Review: Work.txt

Review: Work.txt

There are themes in this year’s Belfast International Arts Festival (BIAF) and it links the great Tinderbox production of Rhino to the unsettling interactive theatre piece, Work.txt, I saw last night at The MAC. The show, written by Nathan Ellis, examines what happens as we lead increasingly robotic work lives. Our oddly named hero or anti-hero, Lauxelly, lies down one day in the entrance hall on his way to work and doesn’t get up. For decades, if the droll, slightly Absurd narrative is to be believed. It isn’t all work, there’s some play though for the audience as we are invited to go onstage and place small brown wooden blocks as we wish. I would bet different audiences choose similar architecture but we created some mini forests of blocks, plus a wooden tower (I was proud to have started that) and various small constructions. Like a town as the plane lands as our given script, beamed onto the back curtain, told us.

In the city that rarely sleeps but is wondering about its next meal, lots of work is “being done”. And it’s becoming less human, more AI. That’s the link as Ionesco’s play examines the temptation of joining the herd and leaving behind humanity. As Camus, another great French thinker, had it about the weekly grind in a quote running from lundi onwards, we get up, wash eat, go to work, come home, eat, sleep and repeat it all again.  

We had some mini dramas read out well by pre selected audience members. Some were funny, some a little banal, some thought provoking, like the working day really. The entertaining bit involved the protester’s parents, on a world cruise and wondering why the Pyramids were important apart from their antiquity. It was well done and there were some good moments in the earnest art curator’s speech about the wooden blocks, passing them off as great art, in dispute with the gallery functionary. We learn the difference in their salaries and how they’re valued. We also learnt the funding details of Work.text which was bold.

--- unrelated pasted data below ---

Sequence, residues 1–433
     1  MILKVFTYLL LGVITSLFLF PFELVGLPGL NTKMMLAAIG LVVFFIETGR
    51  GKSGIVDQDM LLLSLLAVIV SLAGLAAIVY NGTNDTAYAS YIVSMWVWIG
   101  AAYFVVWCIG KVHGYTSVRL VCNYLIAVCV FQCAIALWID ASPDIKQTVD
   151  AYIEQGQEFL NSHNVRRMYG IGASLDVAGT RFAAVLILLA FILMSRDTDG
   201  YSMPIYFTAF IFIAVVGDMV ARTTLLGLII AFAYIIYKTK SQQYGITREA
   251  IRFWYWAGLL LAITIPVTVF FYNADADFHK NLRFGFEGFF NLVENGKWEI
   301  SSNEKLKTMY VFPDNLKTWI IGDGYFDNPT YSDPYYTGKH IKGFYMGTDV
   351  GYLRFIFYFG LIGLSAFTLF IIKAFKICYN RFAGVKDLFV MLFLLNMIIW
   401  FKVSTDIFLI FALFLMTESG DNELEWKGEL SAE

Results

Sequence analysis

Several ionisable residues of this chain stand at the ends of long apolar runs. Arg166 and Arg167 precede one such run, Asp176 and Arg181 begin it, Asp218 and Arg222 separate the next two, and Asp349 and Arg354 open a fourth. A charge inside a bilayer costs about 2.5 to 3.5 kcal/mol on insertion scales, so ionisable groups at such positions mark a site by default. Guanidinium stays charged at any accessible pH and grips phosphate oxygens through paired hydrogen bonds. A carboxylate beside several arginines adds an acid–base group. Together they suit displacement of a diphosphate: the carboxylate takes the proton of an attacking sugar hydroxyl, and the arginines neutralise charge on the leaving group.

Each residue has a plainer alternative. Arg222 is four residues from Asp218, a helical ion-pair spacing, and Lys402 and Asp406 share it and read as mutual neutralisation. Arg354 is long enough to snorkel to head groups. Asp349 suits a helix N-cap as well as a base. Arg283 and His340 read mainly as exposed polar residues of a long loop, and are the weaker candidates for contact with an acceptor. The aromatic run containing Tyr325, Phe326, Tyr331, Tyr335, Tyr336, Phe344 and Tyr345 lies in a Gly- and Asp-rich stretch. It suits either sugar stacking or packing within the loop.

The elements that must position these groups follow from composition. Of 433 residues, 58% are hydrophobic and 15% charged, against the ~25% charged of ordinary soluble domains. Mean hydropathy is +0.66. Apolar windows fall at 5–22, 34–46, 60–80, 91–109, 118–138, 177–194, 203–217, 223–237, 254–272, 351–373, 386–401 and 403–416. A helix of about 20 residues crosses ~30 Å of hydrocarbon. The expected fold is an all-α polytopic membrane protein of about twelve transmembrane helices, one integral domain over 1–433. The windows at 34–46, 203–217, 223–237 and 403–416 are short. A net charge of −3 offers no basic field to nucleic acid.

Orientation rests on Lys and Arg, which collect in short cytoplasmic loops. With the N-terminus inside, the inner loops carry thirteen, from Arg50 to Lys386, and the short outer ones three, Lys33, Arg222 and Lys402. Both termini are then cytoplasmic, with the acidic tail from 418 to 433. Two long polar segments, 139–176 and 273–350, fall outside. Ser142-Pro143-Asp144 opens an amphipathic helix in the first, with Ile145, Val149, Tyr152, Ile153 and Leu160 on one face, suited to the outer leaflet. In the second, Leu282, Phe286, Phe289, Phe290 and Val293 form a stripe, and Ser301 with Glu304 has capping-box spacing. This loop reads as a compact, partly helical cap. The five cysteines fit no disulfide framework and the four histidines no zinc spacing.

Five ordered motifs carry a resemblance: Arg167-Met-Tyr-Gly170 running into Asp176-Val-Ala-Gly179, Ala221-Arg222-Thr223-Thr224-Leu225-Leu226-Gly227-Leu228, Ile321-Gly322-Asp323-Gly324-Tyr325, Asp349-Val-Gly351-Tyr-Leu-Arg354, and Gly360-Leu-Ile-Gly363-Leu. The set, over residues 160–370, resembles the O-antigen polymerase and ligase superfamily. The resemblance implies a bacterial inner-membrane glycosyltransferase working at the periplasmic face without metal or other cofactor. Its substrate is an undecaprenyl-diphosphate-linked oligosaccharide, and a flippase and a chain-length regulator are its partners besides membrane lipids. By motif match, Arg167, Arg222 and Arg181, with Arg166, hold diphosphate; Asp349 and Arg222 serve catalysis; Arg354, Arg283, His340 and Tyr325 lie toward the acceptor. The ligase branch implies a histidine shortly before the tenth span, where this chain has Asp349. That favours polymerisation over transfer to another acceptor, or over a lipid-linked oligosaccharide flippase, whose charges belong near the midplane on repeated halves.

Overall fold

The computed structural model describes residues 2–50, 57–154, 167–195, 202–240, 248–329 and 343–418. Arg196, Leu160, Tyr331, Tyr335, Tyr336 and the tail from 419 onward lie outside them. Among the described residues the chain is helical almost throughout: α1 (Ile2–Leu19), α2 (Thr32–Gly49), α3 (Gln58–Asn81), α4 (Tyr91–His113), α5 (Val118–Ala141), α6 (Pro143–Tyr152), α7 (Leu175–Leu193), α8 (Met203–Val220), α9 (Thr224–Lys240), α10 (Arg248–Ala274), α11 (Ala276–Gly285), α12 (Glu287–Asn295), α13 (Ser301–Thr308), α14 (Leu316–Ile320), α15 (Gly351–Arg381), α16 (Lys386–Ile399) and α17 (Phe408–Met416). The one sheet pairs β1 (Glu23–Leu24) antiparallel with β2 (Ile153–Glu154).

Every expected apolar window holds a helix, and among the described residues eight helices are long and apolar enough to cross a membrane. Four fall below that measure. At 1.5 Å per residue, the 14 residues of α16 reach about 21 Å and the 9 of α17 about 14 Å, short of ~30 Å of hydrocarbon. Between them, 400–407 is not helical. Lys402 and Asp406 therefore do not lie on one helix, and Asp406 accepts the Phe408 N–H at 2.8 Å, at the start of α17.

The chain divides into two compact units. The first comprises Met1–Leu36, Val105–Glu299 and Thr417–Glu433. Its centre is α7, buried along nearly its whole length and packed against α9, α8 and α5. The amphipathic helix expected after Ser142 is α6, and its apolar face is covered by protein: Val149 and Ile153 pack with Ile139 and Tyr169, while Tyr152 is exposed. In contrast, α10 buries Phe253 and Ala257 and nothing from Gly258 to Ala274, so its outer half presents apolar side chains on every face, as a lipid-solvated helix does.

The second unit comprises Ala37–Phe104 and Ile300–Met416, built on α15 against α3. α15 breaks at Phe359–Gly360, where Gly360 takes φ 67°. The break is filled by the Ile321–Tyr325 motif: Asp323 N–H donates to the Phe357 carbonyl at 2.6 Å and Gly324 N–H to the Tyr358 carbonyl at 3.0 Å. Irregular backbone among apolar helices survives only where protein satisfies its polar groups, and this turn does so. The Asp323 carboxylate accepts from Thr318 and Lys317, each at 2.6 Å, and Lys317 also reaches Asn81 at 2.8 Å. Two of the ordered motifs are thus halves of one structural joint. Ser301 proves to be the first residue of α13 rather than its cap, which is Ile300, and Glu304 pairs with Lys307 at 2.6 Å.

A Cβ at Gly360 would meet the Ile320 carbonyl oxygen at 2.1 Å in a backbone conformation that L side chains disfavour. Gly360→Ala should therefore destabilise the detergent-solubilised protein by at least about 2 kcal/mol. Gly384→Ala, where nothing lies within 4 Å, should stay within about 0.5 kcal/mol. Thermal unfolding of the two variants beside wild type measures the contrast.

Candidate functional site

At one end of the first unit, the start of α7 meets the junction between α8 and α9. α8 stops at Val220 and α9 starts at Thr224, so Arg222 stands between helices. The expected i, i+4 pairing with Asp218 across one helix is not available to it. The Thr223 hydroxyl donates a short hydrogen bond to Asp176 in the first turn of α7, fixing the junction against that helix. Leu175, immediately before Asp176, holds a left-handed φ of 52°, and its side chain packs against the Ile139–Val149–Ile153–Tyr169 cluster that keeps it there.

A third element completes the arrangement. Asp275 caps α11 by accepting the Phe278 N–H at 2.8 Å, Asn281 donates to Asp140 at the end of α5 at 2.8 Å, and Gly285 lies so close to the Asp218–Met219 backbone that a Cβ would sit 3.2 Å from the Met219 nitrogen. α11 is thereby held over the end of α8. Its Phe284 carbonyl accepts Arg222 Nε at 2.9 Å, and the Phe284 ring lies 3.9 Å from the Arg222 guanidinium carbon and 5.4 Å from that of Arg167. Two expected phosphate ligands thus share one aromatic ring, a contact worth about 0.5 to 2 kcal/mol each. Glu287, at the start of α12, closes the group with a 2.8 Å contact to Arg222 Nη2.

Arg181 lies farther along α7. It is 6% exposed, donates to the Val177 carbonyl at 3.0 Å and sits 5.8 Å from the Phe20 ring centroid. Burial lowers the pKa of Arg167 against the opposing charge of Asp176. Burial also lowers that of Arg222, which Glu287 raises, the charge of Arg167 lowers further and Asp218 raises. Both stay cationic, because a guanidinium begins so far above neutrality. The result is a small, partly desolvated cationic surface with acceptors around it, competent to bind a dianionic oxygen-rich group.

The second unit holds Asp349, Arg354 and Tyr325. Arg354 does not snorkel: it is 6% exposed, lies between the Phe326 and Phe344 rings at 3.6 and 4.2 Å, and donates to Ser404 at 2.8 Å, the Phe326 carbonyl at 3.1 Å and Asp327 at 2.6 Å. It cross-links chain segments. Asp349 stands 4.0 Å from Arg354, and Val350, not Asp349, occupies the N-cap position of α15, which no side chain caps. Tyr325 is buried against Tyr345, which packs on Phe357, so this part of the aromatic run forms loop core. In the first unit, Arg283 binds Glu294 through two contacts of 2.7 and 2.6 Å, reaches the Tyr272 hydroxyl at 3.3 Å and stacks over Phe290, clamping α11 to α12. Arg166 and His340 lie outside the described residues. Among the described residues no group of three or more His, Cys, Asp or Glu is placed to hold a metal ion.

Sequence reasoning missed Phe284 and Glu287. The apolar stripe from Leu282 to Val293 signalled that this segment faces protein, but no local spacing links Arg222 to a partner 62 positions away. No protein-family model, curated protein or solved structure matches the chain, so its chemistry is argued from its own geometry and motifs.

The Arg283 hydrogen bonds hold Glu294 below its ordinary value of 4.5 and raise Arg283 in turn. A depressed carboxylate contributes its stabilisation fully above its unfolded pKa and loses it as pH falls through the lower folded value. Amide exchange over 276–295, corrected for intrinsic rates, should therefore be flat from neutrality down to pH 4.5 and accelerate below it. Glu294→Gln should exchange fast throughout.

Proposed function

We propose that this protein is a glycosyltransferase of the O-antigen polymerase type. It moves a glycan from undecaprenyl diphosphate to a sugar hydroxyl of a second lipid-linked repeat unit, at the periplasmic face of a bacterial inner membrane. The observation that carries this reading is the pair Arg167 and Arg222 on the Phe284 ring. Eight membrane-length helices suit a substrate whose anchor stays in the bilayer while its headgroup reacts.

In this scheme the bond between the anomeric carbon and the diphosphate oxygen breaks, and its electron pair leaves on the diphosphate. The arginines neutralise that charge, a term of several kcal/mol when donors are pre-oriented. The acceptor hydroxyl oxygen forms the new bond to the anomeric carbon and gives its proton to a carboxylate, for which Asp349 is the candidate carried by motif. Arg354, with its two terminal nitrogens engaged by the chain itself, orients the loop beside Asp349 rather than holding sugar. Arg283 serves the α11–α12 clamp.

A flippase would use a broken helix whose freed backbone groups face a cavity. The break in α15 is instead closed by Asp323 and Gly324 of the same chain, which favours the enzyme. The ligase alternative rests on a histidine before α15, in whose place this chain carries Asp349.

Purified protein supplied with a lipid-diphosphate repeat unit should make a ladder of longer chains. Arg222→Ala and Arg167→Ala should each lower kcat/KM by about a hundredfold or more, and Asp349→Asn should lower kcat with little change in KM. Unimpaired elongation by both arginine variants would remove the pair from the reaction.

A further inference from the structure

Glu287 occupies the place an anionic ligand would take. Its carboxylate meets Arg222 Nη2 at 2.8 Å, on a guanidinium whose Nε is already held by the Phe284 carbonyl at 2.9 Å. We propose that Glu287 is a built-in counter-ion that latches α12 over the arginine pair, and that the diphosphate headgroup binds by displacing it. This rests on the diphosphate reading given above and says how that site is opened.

At the start of the evening, or journey as no doubt some spectators thought of it, we learnt Nobody is in charge. In other words, we all are or should be but because of our algorithm-addicted age, we are not. Lots to think about anyhow as we went home before the next outing to the workplace. Interesting, workers from home are thought to be less productive, something I dispute.

And if you want to examine the AI issue further, there is a BIAF discussion on Saturday afternoon at the Ulster University Belfast campus at three pm in lecture room 2, with experts and creatives tackling it head on.

Jane Hardy

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